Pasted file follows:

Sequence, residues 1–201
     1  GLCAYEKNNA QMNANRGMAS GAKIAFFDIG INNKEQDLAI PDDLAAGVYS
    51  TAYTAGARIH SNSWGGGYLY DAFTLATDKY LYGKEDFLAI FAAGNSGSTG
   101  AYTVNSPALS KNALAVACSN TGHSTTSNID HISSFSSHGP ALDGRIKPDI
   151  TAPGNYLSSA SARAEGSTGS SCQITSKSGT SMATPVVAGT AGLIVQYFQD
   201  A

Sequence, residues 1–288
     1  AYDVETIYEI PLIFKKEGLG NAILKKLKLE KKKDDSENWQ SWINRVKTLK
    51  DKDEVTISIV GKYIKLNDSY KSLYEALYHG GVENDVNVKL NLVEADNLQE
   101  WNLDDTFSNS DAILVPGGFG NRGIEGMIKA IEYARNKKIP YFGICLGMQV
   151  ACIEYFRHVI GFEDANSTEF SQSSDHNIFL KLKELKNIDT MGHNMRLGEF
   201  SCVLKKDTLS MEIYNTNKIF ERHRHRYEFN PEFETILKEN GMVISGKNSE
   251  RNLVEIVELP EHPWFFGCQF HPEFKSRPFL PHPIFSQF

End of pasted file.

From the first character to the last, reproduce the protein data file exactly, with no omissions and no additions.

Sequence, residues 1–201
     1  GLCAYEKNNA QMNANRGMAS GAKIAFFDIG INNKEQDLAI PDDLAAGVYS
    51  TAYTAGARIH SNSWGGGYLY DAFTLATDKY LYGKEDFLAI FAAGNSGSTG
   101  AYTVNSPALS KNALAVACSN TGHSTTSNID HISSFSSHGP ALDGRIKPDI
   151  TAPGNYLSSA SARAEGSTGS SCQITSKSGT SMATPVVAGT AGLIVQYFQD
   201  A

Sequence, residues 1–288
     1  AYDVETIYEI PLIFKKEGLG NAILKKLKLE KKKDDSENWQ SWINRVKTLK
    51  DKDEVTISIV GKYIKLNDSY KSLYEALYHG GVENDVNVKL NLVEADNLQE
   101  WNLDDTFSNS DAILVPGGFG NRGIEGMIKA IEYARNKKIP YFGICLGMQV
   151  ACIEYFRHVI GFEDANSTEF SQSSDHNIFL KLKELKNIDT MGHNMRLGEF
   201  SCVLKKDTLS MEIYNTNKIF ERHRHRYEFN PEFETILKEN GMVISGKNSE
   251  RNLVEIVELP EHPWFFGCQF HPEFKSRPFL PHPIFSQF